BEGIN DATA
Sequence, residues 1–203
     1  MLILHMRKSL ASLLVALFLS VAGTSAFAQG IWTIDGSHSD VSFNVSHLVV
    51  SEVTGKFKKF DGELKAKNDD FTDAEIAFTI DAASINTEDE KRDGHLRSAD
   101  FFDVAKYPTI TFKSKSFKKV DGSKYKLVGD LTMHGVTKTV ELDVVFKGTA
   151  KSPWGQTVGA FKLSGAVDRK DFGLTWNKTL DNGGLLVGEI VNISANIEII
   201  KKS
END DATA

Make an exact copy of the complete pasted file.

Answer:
Sequence, residues 1–203
     1  MLILHMRKSL ASLLVALFLS VAGTSAFAQG IWTIDGSHSD VSFNVSHLVV
    51  SEVTGKFKKF DGELKAKNDD FTDAEIAFTI DAASINTEDE KRDGHLRSAD
   101  FFDVAKYPTI TFKSKSFKKV DGSKYKLVGD LTMHGVTKTV ELDVVFKGTA
   151  KSPWGQTVGA FKLSGAVDRK DFGLTWNKTL DNGGLLVGEI VNISANIEII
   201  KKS